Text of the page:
The sheer size of the NHS makes it inevitable that things will sometimes go wrong. Over 1.7 million people work in the health service, making it one of the top five largest employers in the world, along with the US Department of Defence, McDonalds, Walmart and the Chinese People’s Liberation Army. Given these statistics, it is actually both remarkable and reassuring that things go wrong as rarely as they do.
According to an aggregation of patient survey results, between January-March 2017, 84.8% of patients rated their GP experience as being either ‘very good’ or ‘fairly good’, whilst 82.8% felt they were treated with care and concern.
All of this helps to put the number of claims for medical negligence that are actually made into perspective. According to the body which handles claims on behalf of the NHS, NHS Resolution, the number of claims made for medical negligence during 2018-19 was 10,678, an increase of just five claims on the previous year.
Although the number of claims is holding steady in the 10,000s, this is against a backdrop of over 250 million patient visits to the NHS during the same period, which means that the number of claims for negligence represented a mere 0.004% (rounded down) of total patient visits. The size of this figure should reassure anyone who feels they have grounds for a negligence claim against their GP that they are not jumping aboard some kind of bandwagon. On the contrary, if you’ve been let down by your GP then you’re in a tiny minority, and that’s just one more reason why such negligence is so shocking and stressful and needs to be recognised via an award of compensation.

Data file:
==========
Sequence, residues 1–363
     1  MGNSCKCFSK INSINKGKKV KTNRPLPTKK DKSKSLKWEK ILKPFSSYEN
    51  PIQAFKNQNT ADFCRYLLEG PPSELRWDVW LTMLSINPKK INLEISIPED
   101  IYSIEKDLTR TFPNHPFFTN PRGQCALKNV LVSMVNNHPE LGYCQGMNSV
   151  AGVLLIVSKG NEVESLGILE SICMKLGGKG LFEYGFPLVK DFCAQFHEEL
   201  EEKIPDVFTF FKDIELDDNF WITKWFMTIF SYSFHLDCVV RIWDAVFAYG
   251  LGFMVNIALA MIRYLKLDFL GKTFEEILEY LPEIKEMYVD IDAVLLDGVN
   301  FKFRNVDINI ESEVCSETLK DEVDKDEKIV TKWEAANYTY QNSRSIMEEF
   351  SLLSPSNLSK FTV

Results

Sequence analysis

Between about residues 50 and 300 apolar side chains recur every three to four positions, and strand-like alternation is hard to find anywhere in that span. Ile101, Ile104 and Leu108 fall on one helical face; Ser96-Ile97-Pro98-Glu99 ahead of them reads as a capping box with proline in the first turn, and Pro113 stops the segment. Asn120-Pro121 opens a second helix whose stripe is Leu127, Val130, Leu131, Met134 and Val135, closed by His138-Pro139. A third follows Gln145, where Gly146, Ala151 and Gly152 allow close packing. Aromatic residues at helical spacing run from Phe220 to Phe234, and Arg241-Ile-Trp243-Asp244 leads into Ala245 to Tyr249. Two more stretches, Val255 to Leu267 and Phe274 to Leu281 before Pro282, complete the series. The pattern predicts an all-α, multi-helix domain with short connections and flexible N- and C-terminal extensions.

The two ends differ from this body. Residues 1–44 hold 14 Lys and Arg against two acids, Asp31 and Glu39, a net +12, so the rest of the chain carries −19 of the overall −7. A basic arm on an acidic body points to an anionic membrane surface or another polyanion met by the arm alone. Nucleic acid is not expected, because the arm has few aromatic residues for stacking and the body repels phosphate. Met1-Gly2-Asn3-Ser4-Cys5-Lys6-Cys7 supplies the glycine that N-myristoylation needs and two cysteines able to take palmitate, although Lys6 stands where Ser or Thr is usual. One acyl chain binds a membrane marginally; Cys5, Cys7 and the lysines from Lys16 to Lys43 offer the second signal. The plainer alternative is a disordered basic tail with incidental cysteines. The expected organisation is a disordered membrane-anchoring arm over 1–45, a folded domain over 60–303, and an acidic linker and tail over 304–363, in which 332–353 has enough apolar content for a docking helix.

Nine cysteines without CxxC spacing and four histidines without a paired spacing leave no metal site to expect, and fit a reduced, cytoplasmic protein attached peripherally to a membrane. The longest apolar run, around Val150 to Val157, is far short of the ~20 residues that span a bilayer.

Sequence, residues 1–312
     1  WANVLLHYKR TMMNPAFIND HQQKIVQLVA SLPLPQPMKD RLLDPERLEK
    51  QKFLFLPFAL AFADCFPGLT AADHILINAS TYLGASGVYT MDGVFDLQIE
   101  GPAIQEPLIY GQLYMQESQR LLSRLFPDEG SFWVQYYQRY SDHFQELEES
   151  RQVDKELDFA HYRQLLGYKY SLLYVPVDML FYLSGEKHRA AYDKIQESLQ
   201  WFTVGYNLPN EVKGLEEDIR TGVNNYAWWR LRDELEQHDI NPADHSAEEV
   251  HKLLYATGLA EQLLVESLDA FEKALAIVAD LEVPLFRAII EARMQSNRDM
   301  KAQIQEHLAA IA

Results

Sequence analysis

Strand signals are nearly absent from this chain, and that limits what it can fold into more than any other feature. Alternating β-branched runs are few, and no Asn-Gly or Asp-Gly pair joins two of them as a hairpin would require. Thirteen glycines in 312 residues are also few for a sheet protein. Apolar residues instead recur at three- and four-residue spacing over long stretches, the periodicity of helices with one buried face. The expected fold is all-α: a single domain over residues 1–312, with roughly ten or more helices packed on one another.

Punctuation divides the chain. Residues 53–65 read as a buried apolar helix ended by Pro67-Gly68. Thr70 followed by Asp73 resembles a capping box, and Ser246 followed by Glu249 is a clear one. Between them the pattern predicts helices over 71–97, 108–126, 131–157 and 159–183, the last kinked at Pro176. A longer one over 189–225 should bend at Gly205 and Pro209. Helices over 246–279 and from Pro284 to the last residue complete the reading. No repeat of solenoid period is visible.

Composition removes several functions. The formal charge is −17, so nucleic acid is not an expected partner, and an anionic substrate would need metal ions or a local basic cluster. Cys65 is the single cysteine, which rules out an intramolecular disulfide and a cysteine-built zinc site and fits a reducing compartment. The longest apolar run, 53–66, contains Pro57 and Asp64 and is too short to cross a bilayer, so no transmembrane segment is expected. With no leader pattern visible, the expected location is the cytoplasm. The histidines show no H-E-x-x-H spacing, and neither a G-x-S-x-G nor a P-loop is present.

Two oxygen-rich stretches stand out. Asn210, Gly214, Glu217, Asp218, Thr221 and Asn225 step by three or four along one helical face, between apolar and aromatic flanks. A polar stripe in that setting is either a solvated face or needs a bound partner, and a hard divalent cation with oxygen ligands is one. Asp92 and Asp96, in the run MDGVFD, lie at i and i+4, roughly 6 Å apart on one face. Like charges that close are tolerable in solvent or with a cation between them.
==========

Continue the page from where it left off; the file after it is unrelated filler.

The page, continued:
The amount awarded annually in compensation by the NHS is a reflection of the complexity of such cases, and of the sometimes drastically life-changing impact of negligent medical treatment.
The fact that you have a right to pursue claims following negligent treatment by the NHS is, in fact, enshrined in the organisation’s constitution. This states that you not only have a right to have your complaint heard and dealt with, but also to receive compensation if you’ve been harmed as a result of negligence.
If you receive compensation it will be calculated using a formula based upon the nature of your injury and its severity. On top of this you’ll receive an amount designed to cover your financial losses. It may be that this covers fairly simple matters such as money spent on taxi fares or medication, but in many cases it will also take any earnings lost into account, both immediately following the incident and in the future.
Some people hesitate to claim against the NHS through a misplaced sense of loyalty. The truth of the matter, however, is that you’ve been let down by someone you placed a huge degree of trust in. This can have a devastating physical and psychological impact and a hugely detrimental effect upon your life, and it’s wrong that you should be expected to cope with this on your own. If you work with an expert solicitor when making a claim, then you won’t be on your own.
Nicola is a dual qualified journalist and non-practising solicitor. She is a legal journalist, editor and author with more than 20 years' experience writing about the law.